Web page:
bbc.co.uk
Home
TV
Radio
Talk
Where I Live
A-Z Index
BBC Sport Academy
GAMES CHAT PHOTOS QUIZ WIN
BBC Sport You are in: Other Sport: Snooker  

Homepage
Other Sport
Badminton
Boxing
Cycling
Gaelic Sports
Gymnastics
Judo
Olympic Sports
Paralympics
Rowing
Skateboarding
Snooker
Winter Sport



Latest Sports News
CBBC
Academy Parent

Get the newsletter
Learn to control the cue ball
Around the Academy:

Learn how to control the cue ball with the Academy's guide to spin.
The most important ball on the snooker table is the White.

It's the only one you strike with your cue and your ability to control it determines whether you'll win frames or appear on You've Been Framed.

It's not just about making the pot, you have to plan ahead and manoeuvre the cue-ball accurately.

Whether you're building a break or playing safe, you need to be a master of spin - and the Academy's here to show you how.


SCREW AND STUN:
This is the most common form of spin used by players. It is achieved by striking the lower half of the cue ball.

You can stop the cue ball dead by hitting just below centre, but if it's more backspin you're after, strike the ball lower.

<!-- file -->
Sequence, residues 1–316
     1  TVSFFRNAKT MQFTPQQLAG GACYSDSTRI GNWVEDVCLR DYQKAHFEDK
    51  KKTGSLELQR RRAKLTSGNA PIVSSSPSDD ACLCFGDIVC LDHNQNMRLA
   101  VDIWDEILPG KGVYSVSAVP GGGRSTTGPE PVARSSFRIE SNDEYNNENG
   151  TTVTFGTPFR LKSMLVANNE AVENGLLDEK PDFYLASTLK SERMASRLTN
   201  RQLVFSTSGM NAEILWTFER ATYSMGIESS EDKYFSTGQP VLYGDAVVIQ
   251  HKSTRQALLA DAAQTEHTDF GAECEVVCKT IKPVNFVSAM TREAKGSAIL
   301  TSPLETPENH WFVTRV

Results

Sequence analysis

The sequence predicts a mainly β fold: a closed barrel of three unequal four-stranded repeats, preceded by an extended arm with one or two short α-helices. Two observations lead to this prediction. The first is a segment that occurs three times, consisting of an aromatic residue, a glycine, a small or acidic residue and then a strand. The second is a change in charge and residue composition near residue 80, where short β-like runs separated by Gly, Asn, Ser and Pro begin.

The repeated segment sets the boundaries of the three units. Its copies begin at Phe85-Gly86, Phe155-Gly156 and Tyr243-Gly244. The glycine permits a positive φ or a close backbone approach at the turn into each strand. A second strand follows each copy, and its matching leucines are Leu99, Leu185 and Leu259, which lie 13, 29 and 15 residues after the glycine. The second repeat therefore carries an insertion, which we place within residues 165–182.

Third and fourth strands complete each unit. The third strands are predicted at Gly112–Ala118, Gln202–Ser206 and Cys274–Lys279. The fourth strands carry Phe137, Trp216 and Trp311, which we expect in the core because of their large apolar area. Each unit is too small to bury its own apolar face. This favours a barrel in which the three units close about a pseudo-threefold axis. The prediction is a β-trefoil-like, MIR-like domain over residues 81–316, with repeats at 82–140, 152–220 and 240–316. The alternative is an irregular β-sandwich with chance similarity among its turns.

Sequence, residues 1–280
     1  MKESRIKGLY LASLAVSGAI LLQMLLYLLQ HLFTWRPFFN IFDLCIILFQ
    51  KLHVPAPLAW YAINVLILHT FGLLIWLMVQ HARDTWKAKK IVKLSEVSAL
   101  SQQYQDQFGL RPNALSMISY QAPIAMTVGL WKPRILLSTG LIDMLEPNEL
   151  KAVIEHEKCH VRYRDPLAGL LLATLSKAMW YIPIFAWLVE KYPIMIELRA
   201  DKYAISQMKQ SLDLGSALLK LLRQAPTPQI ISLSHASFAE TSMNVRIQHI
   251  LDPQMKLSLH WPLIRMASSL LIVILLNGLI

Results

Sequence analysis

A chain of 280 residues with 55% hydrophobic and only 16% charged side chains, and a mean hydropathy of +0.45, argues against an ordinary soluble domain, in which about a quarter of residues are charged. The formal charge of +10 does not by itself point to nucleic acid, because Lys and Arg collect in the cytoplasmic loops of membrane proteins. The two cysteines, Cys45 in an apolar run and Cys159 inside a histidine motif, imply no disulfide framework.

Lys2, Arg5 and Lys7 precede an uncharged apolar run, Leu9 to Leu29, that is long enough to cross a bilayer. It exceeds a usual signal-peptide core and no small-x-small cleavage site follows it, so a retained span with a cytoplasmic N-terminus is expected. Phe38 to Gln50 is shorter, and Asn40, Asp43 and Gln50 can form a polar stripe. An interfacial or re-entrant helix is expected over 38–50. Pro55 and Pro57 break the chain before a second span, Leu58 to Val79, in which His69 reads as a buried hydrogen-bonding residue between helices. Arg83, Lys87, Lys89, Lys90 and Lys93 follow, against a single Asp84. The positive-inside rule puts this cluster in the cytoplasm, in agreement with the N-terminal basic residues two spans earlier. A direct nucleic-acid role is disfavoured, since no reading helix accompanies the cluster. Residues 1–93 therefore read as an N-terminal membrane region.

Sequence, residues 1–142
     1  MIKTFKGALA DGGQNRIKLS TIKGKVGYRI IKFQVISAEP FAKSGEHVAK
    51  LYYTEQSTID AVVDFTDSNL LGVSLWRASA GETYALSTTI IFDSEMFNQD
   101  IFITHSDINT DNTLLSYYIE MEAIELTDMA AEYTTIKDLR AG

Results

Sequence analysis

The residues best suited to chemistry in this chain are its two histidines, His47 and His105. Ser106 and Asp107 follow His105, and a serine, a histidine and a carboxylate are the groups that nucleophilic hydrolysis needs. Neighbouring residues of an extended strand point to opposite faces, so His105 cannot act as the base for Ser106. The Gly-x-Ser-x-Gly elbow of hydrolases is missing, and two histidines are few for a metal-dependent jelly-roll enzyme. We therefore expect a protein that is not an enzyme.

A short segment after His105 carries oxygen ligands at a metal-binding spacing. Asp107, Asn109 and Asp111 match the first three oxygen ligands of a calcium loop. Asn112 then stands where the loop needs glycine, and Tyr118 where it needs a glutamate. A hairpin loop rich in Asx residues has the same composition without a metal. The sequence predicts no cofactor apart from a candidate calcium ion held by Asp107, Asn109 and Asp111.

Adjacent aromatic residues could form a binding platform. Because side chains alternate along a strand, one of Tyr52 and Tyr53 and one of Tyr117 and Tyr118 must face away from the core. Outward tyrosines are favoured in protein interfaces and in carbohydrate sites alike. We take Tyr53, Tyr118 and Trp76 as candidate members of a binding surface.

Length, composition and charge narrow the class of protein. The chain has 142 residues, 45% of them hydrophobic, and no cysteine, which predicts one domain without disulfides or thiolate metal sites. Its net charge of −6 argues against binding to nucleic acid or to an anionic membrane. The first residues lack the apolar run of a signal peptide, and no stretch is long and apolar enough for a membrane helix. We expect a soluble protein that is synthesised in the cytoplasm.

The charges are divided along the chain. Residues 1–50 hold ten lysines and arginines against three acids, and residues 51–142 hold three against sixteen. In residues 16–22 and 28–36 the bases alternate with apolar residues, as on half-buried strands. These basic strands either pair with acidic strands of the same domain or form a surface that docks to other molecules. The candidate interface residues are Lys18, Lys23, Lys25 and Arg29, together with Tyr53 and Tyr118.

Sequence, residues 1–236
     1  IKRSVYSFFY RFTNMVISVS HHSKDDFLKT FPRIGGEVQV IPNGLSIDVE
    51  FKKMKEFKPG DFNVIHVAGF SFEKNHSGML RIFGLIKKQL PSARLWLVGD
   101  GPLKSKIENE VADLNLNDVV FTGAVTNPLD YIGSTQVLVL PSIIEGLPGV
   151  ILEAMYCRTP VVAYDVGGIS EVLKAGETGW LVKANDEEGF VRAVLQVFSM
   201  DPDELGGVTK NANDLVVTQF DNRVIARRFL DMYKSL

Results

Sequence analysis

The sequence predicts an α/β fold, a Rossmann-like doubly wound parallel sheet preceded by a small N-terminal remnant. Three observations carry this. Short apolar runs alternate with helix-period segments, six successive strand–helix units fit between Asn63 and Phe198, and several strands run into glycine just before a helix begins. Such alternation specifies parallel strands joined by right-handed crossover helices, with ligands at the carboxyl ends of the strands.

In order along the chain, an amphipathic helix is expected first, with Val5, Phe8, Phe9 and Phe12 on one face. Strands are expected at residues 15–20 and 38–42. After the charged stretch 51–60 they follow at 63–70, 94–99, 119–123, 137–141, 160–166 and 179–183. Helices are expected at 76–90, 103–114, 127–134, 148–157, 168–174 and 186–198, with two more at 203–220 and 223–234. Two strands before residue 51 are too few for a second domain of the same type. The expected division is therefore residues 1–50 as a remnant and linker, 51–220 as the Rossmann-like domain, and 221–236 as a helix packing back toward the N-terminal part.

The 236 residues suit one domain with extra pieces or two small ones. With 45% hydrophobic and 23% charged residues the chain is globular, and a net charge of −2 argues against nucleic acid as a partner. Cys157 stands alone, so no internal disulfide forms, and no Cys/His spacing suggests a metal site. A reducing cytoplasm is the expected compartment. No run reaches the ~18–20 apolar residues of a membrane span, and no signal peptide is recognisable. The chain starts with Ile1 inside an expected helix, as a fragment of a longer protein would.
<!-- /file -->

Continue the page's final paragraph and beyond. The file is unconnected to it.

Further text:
Jimmy White is the master of the screw shot
Jimmy: Master of the screw shot

Be careful not to strike too low or the cue-ball will jump, and if you really overdo it, you may even end up ripping the cloth!

As for direction, screw back in a straight line by hitting the bottom centre of the ball.

Strike the lower sides of the cue ball to send the ball left or right after impact.

SIDE SPIN:
Probably the hardest technique to employ successfully - even experienced professionals have difficulty judging side spin.

Achieved by striking left or right of the centre of the cue-ball, this form of spin affects how the white ball travels towards the object ball.

If the left hand side is struck, the white will move right of centre - and vice versa.

Once perfected, this skill can even be used to swerve out of a snooker!

TOP SPIN:
Striking the upper part of the cue ball causes it to travel further after impact with the object ball.

It is helpful to raise your bridge hand when playing this shot.

This will steady your aim and enables greater accuracy when striking above the centre of the white ball.

Players use this shot frequently, particularly when attempting to open a pack of reds.

As ever the amount of spin is determined by two things - how hard you hit the cue ball, and the distance between the cue ball and the object ball.


Back to top




FROM THE BBC >>
:: BBC Sport's snooker news

SNOOKER ::

The world's best snooker player shows you how it's done! Ronnie's top tips for you!

::

Grip

::

Stance

::

Bridging

::

Cueing

::

Sighting

::

Get involved!

SNOOKER ::
Get pots of snooker advice from Mark Williams
Pots of advice from Mark Williams


^^ Back to top
© BBC Contact us | Help | About us Disclaimer
Football  |  Cricket  |  Tennis  |  Golf  |  Rugby Union  |  Rugby League  |  Athletics  |  Basketball  |  Swimming
Other Sport  |  In the Gym  |  Healthy Eating  |  Treatment Room  |  Your Blueprint  |  Learning Centre